Bone Mineral Density Tests (cont.)
What Different Bone Mineral Density Tests Are Available?
Several tests are available to assess bone density. These tests are not painful, and they are completely noninvasive, which means no surgery. Central machines measure density in the hip, spine, and total body. Peripheral machines measure density in the finger, wrist, kneecap, shinbone, and heel. The most common types of tests are listed below:
- Dual energy X-ray absorptiometry (DXA or DEXA)
scanning is a special low-radiation X-ray that can detect bone loss -- even very small amounts of bone loss. DXA scans are the most commonly used method of bone mineral density measurement. They are used to measure spine and hip bone densities. Peripheral dual energy X-ray absorptiometry (pDXA) measures the bone density in the forearm, finger, and heel. Single-energy X-ray absorptiometry (SXA) measures the bone density in the wrist or heel.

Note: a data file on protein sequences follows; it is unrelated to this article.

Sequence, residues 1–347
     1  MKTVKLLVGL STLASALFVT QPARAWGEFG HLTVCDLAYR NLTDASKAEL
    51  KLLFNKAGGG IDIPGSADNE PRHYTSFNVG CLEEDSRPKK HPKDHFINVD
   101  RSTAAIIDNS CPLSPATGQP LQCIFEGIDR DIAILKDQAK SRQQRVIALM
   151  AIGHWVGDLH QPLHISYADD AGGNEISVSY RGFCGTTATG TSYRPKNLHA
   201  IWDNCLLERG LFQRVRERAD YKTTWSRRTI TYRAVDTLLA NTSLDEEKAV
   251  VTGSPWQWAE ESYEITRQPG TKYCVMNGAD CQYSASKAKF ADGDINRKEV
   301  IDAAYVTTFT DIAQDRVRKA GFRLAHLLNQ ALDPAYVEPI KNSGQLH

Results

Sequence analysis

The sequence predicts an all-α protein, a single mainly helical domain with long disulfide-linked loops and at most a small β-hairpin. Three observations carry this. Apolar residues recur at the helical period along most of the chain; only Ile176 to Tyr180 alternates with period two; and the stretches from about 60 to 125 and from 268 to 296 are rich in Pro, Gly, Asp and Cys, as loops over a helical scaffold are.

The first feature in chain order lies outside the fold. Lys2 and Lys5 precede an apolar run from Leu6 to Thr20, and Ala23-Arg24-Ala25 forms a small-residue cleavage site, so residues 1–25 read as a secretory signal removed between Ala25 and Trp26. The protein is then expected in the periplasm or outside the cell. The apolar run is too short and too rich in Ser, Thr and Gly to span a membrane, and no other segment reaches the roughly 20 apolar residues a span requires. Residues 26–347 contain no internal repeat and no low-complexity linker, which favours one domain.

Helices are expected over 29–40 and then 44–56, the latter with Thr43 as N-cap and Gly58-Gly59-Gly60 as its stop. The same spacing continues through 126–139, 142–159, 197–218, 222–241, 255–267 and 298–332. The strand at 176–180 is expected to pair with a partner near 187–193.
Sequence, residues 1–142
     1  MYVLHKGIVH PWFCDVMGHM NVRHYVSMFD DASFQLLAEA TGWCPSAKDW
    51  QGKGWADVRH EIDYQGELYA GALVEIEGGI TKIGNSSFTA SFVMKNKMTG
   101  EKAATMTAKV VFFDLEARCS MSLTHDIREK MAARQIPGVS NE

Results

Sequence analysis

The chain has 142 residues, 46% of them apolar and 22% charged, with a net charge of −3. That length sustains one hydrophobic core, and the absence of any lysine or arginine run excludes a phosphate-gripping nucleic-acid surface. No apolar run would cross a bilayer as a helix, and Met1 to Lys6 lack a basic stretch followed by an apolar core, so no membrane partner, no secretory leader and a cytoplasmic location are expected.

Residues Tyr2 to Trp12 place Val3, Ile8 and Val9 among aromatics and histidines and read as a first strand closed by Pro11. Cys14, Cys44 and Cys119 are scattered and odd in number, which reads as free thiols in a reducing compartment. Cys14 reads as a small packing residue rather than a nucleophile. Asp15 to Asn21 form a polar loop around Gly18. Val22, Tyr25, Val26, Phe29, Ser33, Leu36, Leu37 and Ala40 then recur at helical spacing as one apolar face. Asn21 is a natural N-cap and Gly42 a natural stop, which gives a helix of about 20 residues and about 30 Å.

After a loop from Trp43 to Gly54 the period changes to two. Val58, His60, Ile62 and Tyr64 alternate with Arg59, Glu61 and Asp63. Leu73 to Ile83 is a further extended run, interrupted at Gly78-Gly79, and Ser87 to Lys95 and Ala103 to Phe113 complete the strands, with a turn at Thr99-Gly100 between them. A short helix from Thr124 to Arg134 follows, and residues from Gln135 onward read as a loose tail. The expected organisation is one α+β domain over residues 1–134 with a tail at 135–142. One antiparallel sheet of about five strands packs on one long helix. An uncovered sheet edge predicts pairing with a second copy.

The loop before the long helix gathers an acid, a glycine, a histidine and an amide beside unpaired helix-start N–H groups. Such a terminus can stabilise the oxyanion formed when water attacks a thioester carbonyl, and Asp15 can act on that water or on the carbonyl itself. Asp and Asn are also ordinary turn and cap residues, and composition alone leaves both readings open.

- Quantitative computed tomography (QCT) scanning measures the bones of the lower spine because these bones change as a person ages. The peripheral QCT scan measures the forearm bone density.
- Quantitative ultrasound (QUS) uses sound waves to measure bone density at the heel, shin, and finger.
- Radiographic absorptiometry (RA) scanning uses an X-ray film of the hand and a small metal wedge to calculate bone density.
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